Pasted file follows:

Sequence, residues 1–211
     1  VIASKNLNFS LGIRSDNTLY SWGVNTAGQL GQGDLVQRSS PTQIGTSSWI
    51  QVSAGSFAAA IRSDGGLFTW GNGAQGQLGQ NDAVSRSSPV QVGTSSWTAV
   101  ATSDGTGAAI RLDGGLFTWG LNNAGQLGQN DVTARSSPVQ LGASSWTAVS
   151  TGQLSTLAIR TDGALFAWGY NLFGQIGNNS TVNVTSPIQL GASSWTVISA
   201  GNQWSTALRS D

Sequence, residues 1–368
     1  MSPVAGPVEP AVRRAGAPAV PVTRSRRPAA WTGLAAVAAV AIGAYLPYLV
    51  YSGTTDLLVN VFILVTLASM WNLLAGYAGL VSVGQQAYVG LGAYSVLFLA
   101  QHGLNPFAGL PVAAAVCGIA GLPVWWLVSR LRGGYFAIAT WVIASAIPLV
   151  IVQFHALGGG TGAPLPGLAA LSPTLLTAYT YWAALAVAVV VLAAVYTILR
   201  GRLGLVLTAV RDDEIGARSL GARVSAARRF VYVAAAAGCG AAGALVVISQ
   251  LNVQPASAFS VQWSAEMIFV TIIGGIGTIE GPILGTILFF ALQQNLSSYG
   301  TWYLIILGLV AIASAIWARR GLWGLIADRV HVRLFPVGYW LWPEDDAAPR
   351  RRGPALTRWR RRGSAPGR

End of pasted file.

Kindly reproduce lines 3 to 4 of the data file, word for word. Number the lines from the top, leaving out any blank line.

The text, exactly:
    51  QVSAGSFAAA IRSDGGLFTW GNGAQGQLGQ NDAVSRSSPV QVGTSSWTAV
   101  ATSDGTGAAI RLDGGLFTWG LNNAGQLGQN DVTARSSPVQ LGASSWTAVS